Everything There Is to Know About Windows 8


An operating system is hard to be reviewed, mainly because people use applications, not the OS. However, operating systems should be transparent and act as a platform for apps. We live in a cloud-driven world where no apps or device works on a single OS. So, if you use Windows applications you probably expect them to run smoothly. In 2013, Windows 8 was released, let’s take a closer look at everything there is to know about this OS.

The Windows 8 User Interface

Windows 8 was designed to be part of an ecosystem. Hence, the Windows 8 user interface (formerly called Metro) became the primary interface for Windows users. The interface acts as the Start menu and all apps show up as tiles on the Start screen. The Start screen is no much different than the one of the previous OS, such as Windows 7 or Windows XP, but the apps consume the entire screen and can run in a window on the desktop.

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There are plenty of accessory apps which don’t appear on the Start screen by default. Instead, you have to right-click a blank area in the Start screen and then click the All apps icon at the lower right. The key feature of this OS is the live tiles which are double-wide (310 by 150 pixels) and display dynamic information.

Navigating the Desktop

Users can’t boot directly into the desktop, which might be an issue for certain vertical applications which need to boot directly into a desktop environment. In order to launch an app, you should click its tile in the Start screen. Other than that, the desktop is almost the same in the previous OS.

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The Windows 8 desktop is bare, but you can add the system and user-file icons by right-clicking the desktop and selecting the Personalize menu. So, you can add these icons and pin them to the Start screen. To connect to the network, you only need the right drivers installed.

You can easily navigate the desktop as it’s as transparent as the old versions, but some users find the absence of a full Start menu quite disturbing.

The Touch Experience

Most computers lack a touchscreen which doesn’t allow you to reap the benefits inherent in Windows 8. A touch-enabled display offers a unique experience of Windows 8 as the touch support of this version is its defining factor. It works smoothly and efficiently.

Windows 8 on Tablets

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The emergence and popularity of tablets was probably the reason why a new Start screen of Windows 8 has been designed. This OS is the perfect option for tablets and it supports two types of tablets, Pro and RT models. The RT tablets have a restricted version of Windows 8 and access to the desktop only on a limited basis. On the other hand, devices with Intel-compatible processors can run the full PC version of Windows 8 and have complete access to the desktop.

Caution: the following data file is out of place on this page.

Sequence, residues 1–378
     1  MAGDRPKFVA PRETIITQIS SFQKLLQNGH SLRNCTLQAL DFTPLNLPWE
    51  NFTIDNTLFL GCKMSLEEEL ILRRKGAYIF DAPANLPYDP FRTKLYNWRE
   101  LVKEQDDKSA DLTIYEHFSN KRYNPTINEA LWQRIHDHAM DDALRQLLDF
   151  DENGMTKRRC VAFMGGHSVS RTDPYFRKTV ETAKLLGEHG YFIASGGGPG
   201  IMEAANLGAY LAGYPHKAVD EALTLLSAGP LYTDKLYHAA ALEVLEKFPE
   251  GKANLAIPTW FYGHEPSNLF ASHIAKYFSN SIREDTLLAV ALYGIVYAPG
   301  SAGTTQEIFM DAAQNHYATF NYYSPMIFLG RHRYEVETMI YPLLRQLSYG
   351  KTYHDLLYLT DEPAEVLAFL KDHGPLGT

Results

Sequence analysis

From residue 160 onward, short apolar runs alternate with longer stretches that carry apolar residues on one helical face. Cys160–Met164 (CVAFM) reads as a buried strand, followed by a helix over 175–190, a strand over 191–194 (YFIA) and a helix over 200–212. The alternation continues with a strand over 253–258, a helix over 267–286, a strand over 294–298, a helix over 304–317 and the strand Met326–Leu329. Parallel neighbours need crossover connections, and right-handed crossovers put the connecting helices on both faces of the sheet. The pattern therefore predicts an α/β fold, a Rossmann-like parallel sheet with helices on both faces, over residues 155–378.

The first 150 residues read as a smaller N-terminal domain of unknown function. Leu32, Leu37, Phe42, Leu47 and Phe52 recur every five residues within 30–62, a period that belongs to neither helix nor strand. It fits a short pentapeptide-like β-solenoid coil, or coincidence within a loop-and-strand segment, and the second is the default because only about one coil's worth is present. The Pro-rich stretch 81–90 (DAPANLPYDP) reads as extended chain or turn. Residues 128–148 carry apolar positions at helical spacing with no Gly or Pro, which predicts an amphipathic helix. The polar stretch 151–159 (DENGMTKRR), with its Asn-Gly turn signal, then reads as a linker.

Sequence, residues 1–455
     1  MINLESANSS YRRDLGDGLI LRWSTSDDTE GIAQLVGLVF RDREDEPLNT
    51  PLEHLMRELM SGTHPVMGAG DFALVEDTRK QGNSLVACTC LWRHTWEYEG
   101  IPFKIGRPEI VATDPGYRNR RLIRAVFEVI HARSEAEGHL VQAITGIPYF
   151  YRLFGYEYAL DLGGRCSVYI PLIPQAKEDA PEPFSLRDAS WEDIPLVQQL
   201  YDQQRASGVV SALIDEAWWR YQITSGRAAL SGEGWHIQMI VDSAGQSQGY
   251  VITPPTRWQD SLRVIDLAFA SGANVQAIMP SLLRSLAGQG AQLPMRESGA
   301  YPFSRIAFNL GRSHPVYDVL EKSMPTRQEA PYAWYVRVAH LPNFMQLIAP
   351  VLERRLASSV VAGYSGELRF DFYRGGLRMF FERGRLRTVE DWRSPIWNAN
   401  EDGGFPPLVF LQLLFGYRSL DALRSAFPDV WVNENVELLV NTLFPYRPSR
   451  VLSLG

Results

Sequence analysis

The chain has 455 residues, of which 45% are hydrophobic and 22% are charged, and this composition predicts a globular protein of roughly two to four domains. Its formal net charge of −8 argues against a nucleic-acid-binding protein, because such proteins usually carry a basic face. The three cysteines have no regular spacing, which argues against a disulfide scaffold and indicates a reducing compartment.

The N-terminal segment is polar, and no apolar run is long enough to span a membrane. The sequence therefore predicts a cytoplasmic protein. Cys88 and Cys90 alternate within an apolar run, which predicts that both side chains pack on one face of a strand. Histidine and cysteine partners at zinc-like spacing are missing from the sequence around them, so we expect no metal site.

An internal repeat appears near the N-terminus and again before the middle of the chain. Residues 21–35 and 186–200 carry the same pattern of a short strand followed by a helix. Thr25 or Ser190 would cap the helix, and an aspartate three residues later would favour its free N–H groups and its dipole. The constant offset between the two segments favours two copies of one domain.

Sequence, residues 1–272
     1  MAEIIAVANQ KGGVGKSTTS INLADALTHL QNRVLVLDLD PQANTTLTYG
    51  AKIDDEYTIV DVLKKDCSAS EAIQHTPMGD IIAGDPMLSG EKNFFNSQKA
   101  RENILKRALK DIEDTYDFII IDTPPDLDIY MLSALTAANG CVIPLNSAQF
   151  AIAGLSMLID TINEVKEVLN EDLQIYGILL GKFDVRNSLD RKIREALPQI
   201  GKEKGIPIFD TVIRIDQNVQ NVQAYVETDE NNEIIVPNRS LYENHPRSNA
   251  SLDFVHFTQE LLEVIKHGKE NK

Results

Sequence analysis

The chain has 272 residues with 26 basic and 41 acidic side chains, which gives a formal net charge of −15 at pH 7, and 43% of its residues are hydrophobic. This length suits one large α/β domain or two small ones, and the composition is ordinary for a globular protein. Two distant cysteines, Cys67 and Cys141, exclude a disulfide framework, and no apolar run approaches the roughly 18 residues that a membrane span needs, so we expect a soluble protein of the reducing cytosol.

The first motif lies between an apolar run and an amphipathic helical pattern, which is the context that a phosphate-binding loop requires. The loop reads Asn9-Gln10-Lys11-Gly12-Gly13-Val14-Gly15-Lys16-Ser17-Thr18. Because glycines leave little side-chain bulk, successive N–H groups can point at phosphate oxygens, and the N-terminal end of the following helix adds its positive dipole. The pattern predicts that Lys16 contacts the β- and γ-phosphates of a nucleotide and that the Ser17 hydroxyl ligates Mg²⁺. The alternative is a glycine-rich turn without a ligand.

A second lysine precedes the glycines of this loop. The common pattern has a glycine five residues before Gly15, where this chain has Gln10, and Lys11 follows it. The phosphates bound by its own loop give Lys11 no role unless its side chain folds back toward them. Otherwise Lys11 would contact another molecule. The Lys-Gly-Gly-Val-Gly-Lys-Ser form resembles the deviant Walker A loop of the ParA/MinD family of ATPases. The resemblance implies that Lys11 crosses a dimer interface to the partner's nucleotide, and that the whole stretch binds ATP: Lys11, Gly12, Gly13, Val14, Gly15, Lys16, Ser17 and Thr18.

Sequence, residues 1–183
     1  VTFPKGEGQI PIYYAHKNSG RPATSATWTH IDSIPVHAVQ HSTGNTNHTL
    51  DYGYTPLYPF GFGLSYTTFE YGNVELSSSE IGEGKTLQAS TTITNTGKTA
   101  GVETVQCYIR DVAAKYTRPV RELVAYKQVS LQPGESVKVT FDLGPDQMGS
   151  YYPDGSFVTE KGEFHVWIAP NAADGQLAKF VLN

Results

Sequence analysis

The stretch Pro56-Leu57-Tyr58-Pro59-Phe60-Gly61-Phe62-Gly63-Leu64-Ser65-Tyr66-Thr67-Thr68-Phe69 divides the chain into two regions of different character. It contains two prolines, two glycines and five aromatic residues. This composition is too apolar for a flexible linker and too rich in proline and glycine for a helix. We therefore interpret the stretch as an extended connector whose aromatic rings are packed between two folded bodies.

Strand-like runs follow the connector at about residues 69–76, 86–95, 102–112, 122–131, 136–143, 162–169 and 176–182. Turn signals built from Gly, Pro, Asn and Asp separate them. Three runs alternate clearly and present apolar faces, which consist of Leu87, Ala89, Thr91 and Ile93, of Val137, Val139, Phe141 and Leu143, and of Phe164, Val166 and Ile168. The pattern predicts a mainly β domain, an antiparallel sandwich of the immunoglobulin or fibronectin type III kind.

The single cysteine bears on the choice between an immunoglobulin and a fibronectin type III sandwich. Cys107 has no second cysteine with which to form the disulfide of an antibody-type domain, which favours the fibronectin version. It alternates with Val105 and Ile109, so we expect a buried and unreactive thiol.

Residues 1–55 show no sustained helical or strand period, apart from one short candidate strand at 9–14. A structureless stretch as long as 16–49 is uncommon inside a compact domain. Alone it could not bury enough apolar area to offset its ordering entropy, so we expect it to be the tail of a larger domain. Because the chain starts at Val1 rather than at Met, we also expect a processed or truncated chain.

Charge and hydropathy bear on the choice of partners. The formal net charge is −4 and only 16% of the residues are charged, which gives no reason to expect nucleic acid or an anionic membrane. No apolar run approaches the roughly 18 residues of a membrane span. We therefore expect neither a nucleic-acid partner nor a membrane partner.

The Microsoft Store

It was with Windows 8 that Microsoft added a store to Windows and to buy apps you only need to create a Microsoft account. There are several stores in Windows 8. Thus, you can buy apps by clicking the Store tile. Moreover, you can buy videos by launching the Video app and get music by launching the Music app. The music and video stores are named Xbox Music and Xbox Video. Navigating the Microsoft Store is quite similar to navigating the Start screen.

Personalizing Windows

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Windows 8 can be customized, but there is a certain exception worth knowing. So, you can’t set Windows to boot directly to the desktop, but only by using third-party utilities. This personal computer OS allows you to move your favorite tiles to the left side of the screen or specify their size. Additionally, you can also turn off live-tile updates or group tiles by type.

There is no longer a startup configuration, but in Windows 8 you can select which applications launch at boot-up with the new Startup tab in Task Manager. Both free and paid items are available in the tile-based app store. Likewise, you can also customize the desktop and pin apps to the taskbar and there is a new programming interface, DirectText.

Storage and File System

Windows 8 features a new file system, Resilient File System, which is compatible with most NTFS file features. It also adds features to improve data integrity but works only on secondary drives, not boot drives. With this OS, reinstalling Windows became easier than ever as there are multiple levels of system repair. You can easily reinstall Windows from scratch with the Reset option and you don’t need a new Windows key or the Windows setup disk. Furthermore, you can also reset certain setting while keeping the personal files and installed Windows 8 apps with the Refresh option.

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In a nutshell, Windows 8 is a personal computer operating system which didn’t amaze everyone. It showed that upgrading a PC to Windows 8 from Windows 7 is not worthwhile. However, it is a great option for mobile users who need quick and easy access to the complete Microsoft ecosystem. The cost of Windows 8 is not high, but using it requires learning the new Start screen. It is an improved file system from the previous versions and offers better integration with the cloud and easier recovery from system problems. The downsides worth mentioning include certain confusing aspects, aggressive selling content and apps, and a lack of Start menu.